Bells restoration

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Bells Restoration, Engagement, Outreach and Legacy – The Bells Project

The current Bells at Piddinghoe have rung out for the last 300 years celebrating the many births, deaths, and marriages of our community. They have rung every Sunday calling people to practise their Christian faith. From graffiti in the bell tower to the impromptu messages on the back of the organ, generations bear testament to an extraordinary relationship between music and faith.

However, this historical harmony was disrupted in 2018 when a strange noise was heard emanating from the bell tower. We discovered the bells were tired and in need of much care and attention. The largest tenor bell was found to be defective. Sadly, none of the bells can safely be rung full circle and only two can be chimed due to the poor condition of the fittings and frame. 

Since this discovery, Piddinghoe Parochial Church Council has worked with a local resident who has extensive experience, and a passion for restoring church bells in London and Sussex. He has generously donated to the restoration in partnership with the National Heritage Lottery Fund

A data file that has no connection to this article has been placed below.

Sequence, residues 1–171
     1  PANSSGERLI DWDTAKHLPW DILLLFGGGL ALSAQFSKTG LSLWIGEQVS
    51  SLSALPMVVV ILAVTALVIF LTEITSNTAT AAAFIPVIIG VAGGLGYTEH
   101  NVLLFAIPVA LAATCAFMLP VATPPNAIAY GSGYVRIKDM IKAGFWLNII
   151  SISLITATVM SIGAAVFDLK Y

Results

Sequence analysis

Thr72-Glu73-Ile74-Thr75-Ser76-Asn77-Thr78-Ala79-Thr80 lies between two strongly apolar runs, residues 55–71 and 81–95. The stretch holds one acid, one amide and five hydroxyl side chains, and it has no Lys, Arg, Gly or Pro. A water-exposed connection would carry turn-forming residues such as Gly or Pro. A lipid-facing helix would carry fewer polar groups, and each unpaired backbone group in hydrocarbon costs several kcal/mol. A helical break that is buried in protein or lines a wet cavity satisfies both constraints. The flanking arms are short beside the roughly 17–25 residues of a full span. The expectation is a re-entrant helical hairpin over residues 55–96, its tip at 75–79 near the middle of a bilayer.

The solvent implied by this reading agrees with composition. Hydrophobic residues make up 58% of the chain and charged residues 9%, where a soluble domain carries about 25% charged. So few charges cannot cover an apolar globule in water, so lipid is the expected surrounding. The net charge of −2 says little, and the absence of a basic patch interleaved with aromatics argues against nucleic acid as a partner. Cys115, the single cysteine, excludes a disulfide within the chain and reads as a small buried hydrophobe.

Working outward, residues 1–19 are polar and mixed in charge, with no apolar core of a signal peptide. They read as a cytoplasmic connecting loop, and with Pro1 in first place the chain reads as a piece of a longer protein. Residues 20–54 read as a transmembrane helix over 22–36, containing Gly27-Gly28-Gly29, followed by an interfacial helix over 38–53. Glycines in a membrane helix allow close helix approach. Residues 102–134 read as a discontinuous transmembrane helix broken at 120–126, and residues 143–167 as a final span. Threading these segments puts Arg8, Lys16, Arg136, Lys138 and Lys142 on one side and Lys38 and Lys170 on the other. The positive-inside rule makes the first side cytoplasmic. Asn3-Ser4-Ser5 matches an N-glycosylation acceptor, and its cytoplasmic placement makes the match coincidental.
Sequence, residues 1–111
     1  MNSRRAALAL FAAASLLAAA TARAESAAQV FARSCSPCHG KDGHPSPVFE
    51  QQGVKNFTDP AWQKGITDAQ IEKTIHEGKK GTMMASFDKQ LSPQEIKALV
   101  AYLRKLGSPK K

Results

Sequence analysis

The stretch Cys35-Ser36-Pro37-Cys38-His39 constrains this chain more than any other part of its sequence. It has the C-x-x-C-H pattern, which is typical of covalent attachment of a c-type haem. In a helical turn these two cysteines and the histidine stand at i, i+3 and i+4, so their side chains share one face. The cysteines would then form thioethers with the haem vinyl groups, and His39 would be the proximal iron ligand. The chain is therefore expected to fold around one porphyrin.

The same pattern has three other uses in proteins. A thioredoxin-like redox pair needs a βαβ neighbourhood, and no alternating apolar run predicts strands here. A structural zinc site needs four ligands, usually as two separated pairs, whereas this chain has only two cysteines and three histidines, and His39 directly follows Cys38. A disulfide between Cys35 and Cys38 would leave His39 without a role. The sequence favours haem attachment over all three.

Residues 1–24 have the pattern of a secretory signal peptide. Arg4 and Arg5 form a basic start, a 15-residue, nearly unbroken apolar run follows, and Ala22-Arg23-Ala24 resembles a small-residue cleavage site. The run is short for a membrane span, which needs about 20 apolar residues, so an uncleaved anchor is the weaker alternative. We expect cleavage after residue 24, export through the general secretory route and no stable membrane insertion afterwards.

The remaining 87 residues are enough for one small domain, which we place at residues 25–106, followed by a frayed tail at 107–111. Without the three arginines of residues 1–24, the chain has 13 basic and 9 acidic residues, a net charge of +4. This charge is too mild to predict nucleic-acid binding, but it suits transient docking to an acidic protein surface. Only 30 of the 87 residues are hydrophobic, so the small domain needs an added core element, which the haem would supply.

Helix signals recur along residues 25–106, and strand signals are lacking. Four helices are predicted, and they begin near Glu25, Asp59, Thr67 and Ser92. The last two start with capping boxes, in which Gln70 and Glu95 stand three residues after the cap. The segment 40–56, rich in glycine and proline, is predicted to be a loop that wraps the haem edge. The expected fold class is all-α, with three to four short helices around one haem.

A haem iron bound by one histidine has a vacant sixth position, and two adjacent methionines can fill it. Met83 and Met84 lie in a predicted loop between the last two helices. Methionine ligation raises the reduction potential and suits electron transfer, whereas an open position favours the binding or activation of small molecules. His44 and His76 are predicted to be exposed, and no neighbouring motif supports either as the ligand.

In 2022 we were delighted to receive funds from the National Lottery Heritage Fund to complete the restoration of our historic bells. You can watch how the story unfolds in the video above.

The work was undertaken by Blyth & Co, church specialists with 70 years of experience with bells. This company re-hung and restored six bells at nearby St Peter’s church in Rodmell, and restored three 15th century bells at nearby Iford.  The work on our bells is now complete but follow the story through our news items and web pages from when they were removed in November 2022 to the late summer celebrations and the Christening of the bells.

Oral history project

As part of this moment in history we collaborated with students from Seahaven Academy and Strike a Light, an oral history organisation to gather intergenerational stories about music and faith in Piddinghoe, Newhaven and beyond. The stories have formed an essential part of the restoration’s digital and physical legacy through a year-long exhibition in the village and beyond. 

Below is a video made early in this process by Latest Newhaven TV.